Concrete Reinforcement Corrosion Analysis
Corrosion of steel in reinforced concrete poses the biggest durability issue for concrete structures. By the time corrosion is evident at the surface through spalling or cracking, damage is typically widespread and may require costly repairs. Conducting a corrosion analysis of steel embedded in concrete utilizing half-cell electrical measurement technology can efficiently identify areas where corrosion is occurring. Half-cell electrical measurement technology is used for the detection and mapping of steel reinforcing corrosion in reinforced concrete in accordance with the ASTM “Standard Test Method for Corrosion Potentials of Uncoated Reinforcing Steel in Concrete" (ASTM C876).
The goal of the half-cell potential field measurement is to measure the potentials at the concrete surfaces, in order to get a characteristic picture of the state of corrosion of the steel surface within the concrete. These investigations can locate areas where corrosion is actively occurring but is not evident at the surface in order to identify problem areas and mitigate the issue before it is too late. ACER’s full suite of half-cell potential measurement electrodes can be applied to very small areas such as columns and beams all the way up to entire bridge decks with a 4-wheeled survey cart. Upon completion of the survey, the results are plotted on a Chipping Graph in accordance with ASTM C876 which assigns a 90% probability of corrosion ongoing to the areas more negative than -350 mV, and a 90% probability of no corrosion to the areas more positive than -200 mV. Further refining and calibration of these thresholds can be achieved through an intrusive investigation to correlate the measured potentials to the physical state of the reinforcing steel.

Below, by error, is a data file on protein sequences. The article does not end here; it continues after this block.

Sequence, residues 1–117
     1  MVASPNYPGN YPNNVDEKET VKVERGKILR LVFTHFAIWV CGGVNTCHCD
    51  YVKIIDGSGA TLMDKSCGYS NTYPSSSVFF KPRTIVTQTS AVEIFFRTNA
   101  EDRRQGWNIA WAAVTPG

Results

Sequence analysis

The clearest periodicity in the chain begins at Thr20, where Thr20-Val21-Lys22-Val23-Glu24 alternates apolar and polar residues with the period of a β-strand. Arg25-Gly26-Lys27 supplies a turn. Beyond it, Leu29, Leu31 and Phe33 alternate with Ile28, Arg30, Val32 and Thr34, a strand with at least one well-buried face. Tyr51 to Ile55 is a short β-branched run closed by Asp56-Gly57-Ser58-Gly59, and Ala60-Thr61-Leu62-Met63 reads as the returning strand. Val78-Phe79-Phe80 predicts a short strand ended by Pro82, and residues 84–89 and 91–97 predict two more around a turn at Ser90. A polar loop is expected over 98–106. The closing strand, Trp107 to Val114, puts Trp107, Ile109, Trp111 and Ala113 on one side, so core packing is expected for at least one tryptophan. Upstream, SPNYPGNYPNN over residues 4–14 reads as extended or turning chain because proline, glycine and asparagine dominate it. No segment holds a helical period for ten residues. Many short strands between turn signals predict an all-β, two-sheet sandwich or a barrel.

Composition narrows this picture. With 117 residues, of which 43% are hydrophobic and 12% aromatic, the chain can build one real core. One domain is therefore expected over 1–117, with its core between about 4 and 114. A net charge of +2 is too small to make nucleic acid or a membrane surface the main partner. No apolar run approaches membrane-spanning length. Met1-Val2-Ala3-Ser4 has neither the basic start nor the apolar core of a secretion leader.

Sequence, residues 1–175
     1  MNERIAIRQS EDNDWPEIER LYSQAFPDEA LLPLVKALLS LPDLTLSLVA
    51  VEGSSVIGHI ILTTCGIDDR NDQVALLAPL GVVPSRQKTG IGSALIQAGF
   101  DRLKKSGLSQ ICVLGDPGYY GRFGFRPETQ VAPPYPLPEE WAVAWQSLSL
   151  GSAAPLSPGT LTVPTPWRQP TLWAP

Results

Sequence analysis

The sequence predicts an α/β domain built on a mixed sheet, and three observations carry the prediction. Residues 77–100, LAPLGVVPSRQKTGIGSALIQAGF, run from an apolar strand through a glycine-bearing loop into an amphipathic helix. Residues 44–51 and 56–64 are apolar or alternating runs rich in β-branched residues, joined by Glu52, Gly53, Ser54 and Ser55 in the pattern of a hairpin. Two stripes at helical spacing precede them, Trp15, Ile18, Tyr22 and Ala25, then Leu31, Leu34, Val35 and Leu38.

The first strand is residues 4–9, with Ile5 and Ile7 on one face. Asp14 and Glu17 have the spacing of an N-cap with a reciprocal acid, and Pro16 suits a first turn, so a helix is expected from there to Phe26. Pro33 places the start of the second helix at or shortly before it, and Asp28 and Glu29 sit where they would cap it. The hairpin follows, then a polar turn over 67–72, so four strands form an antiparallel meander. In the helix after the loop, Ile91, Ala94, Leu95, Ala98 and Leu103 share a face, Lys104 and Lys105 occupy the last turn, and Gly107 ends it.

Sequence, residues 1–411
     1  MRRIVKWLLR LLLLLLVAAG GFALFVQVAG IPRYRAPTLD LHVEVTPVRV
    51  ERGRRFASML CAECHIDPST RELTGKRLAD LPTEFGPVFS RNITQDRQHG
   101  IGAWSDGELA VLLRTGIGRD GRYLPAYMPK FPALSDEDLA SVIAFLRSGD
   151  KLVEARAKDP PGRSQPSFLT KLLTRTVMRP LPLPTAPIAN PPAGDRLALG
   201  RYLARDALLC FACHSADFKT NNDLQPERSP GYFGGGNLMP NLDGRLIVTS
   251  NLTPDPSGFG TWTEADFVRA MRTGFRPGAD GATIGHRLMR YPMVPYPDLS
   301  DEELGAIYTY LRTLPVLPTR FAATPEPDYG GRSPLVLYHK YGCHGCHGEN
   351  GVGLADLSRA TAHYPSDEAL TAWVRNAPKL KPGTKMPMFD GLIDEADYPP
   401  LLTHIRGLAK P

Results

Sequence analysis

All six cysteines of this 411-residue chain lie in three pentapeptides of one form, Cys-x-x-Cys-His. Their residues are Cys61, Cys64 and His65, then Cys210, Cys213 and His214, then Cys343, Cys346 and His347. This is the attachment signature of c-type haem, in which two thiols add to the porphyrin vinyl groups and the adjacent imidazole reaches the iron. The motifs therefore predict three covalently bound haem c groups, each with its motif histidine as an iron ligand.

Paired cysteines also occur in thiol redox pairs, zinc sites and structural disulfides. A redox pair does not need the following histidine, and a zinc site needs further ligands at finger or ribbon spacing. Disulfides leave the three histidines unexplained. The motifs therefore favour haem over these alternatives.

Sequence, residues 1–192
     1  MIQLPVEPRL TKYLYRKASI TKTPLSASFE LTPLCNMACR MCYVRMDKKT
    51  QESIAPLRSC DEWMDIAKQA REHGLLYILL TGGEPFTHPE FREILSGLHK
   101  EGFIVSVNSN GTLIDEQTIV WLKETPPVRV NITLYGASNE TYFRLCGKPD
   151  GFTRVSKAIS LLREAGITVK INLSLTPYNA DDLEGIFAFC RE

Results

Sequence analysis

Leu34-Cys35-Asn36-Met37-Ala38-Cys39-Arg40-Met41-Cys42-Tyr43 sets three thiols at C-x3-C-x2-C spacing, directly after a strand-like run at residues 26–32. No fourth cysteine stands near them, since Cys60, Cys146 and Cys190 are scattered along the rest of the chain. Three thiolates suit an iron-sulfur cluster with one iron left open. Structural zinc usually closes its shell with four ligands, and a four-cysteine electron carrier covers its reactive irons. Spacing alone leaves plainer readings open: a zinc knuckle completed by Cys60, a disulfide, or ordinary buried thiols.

In addition to the half-cell potential testing, ground-penetrating radar (GPR) can be used to assess corrosion of concrete reinforcement rebar by detecting changes in the electromagnetic properties of the concrete caused by corrosion. When reinforced concrete is corroded, the rebar can lose some of its cross-sectional area and strength, which can lead to structural problems. GPR can help detect corrosion by sending electromagnetic waves into the concrete and measuring the strength and timing of the reflected waves. In particular, GPR can detect the presence of voids, cracks, and other defects in the concrete, which can be an indication of corrosion. GPR can also detect changes in the dielectric constant of the concrete, which can be used to estimate the presence of corrosion.